For those 3 1/2 plus years I hardly got on my bike at all and had little time to think about fundraising for an organization. In the years prior to her illness I was averaging about 1,000 miles a year on the bike. In 2013 and 2014 – ZERO miles. In all of 2015 I rode 52 miles.
In the past year I’ve noticed that my health – both physical and mental – has been taking a nosedive. Being on the bike training for the MS rides and just biking for pleasure with friends was keeping me healthy in more ways than I knew. Earlier this year I made the commitment and signed up for Bike MS once again more for my own health – I knew I would have to start riding regularly to get back in shape – than anything else. But the fact remains that I still have friends living with MS and recently some of them have declining faster. Not to mention the many people I will never know that this organization helps.
I’ve been able to get back on the bike some this year but caring for my mom and the emotional stress involved has made it hard to get back in the habit of taking care of myself. I’ve managed to log 250 miles so far this year but hardly enough to do the century (100 mile route) ride at Bike MS. Karen and I will probably do one of the shorter routes each day this year – hopefully at least 50 miles each day. The event is in less than 2 weeks! As you can see I’m a little behind in fundraising! We ride out of New Bern, NC on Sept 10 and 11. We’ll be able to continue fundraising for some time after that (I can’t remember the cutoff date at this point) in case you don’t see this until after the ride.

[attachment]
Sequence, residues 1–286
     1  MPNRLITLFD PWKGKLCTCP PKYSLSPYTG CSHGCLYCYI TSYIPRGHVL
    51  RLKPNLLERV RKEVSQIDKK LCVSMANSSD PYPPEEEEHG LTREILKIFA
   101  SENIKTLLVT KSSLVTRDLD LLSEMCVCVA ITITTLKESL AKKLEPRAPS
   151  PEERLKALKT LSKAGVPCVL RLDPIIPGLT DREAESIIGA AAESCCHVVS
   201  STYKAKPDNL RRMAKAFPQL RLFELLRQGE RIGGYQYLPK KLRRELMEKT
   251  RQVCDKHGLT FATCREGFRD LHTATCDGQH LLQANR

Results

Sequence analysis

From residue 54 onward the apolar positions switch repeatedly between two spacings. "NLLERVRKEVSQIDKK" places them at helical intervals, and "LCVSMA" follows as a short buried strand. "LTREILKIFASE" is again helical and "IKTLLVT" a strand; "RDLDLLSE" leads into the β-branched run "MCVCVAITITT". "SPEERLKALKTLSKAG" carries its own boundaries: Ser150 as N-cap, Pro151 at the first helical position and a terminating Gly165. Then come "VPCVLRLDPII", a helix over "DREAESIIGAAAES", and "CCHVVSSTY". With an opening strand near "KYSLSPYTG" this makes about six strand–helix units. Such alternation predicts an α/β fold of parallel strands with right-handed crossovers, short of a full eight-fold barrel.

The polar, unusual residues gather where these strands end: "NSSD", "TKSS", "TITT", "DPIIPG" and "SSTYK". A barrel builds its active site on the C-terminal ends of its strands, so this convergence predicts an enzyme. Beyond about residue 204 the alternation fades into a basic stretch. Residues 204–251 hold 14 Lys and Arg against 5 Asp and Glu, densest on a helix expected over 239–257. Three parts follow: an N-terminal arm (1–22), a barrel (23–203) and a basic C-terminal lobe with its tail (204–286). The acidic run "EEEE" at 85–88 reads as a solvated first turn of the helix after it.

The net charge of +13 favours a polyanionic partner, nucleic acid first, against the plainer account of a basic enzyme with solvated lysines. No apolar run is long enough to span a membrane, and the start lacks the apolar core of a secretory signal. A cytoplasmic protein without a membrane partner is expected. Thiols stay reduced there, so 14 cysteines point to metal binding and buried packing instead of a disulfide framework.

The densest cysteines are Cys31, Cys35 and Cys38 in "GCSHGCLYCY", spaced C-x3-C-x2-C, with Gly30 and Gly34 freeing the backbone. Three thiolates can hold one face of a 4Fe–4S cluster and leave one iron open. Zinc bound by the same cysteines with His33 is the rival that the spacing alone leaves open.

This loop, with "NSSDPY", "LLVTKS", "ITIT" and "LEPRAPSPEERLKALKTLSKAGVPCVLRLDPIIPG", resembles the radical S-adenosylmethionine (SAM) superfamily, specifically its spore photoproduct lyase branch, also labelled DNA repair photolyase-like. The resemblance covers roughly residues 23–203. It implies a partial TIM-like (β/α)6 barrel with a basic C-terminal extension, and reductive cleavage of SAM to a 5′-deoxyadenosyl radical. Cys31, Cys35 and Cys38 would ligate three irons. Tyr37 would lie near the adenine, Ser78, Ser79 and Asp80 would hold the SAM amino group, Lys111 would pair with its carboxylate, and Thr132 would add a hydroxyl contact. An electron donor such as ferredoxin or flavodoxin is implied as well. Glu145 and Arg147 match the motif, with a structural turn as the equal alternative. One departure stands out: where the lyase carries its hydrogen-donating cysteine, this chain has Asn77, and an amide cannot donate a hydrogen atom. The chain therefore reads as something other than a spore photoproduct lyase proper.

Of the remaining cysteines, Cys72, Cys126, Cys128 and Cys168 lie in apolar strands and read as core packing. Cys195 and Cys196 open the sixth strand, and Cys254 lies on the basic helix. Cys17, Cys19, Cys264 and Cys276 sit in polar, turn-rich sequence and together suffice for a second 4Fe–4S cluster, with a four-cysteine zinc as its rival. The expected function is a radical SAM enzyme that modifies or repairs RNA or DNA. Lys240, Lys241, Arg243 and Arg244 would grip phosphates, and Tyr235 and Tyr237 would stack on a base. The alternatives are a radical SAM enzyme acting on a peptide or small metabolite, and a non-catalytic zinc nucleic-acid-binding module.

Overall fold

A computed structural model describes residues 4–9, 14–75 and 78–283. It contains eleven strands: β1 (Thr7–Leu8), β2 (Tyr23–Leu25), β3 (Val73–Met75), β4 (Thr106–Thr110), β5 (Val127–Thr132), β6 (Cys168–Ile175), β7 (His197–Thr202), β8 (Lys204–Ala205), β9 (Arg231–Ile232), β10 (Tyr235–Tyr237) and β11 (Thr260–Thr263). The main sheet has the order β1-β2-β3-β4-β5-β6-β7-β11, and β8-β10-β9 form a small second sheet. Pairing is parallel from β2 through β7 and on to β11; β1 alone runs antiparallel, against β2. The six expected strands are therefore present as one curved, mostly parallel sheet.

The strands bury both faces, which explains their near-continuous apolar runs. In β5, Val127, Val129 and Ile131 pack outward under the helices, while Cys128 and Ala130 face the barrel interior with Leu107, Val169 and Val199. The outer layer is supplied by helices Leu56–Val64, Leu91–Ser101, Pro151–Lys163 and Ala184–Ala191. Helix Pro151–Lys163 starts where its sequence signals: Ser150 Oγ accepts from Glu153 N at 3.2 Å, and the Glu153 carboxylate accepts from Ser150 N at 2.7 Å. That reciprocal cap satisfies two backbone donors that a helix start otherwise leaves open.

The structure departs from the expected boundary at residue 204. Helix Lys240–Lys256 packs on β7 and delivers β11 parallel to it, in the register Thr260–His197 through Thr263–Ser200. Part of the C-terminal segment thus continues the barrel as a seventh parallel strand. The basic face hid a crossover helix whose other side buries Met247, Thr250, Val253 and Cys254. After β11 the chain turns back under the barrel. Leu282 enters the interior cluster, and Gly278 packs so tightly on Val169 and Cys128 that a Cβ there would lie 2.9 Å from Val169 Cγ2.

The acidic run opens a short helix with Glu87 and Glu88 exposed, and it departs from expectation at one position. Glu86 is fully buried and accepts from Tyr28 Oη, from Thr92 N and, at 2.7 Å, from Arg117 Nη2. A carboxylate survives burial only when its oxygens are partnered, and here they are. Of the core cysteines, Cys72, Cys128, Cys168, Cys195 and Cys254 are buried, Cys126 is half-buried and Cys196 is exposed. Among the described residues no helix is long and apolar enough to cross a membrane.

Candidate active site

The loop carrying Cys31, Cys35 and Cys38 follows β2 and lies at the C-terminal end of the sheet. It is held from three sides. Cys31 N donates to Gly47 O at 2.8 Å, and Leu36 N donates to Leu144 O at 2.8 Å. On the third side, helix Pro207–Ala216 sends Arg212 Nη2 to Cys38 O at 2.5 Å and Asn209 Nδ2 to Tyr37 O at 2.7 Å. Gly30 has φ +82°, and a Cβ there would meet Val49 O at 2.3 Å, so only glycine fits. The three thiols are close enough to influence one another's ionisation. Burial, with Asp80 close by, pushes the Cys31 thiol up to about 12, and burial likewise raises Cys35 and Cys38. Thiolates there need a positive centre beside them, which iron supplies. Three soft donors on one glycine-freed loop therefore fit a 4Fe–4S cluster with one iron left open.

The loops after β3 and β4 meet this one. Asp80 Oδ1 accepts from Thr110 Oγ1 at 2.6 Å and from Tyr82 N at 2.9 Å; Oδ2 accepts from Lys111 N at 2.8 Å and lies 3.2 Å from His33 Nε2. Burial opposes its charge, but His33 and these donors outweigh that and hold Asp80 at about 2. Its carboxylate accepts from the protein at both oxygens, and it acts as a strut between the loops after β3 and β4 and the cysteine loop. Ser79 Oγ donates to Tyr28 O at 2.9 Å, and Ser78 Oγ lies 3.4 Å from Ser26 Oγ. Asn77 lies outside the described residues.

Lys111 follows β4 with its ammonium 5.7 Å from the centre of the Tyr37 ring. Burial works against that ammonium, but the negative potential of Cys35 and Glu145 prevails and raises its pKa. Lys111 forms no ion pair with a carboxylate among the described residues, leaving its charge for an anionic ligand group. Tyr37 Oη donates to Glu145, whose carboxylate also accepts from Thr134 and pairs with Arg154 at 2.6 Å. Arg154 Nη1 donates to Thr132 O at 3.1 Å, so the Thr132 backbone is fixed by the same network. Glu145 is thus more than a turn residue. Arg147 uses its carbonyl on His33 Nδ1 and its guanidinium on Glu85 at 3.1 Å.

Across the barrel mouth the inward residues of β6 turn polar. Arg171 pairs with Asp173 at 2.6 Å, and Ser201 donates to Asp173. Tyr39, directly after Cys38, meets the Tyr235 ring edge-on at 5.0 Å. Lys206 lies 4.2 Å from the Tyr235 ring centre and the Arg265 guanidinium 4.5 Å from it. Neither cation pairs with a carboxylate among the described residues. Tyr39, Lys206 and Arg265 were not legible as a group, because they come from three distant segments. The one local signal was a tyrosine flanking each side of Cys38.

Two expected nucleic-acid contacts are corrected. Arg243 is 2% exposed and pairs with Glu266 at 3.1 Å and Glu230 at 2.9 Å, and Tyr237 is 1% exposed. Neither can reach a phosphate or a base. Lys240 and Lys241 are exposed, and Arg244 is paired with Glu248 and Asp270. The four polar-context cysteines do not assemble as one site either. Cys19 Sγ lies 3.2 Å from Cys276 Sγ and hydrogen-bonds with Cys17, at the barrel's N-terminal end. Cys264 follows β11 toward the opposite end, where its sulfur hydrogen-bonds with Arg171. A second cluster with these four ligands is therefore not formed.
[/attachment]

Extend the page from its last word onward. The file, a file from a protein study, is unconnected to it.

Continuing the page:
The Bike MS campaign funds research and provides services for people living with MS – over 18,000 in the Carolinas alone. Fundraising dollars are used to support those affected by MS with educational programs, help groups, medical equipment loans, financial assistance, wellness programs, care management, respite care and direct assistance. A donation in any amount is appreciated but no need to apologize for not being able to contribute – I totally understand!!! But donation or not, thank you for your support!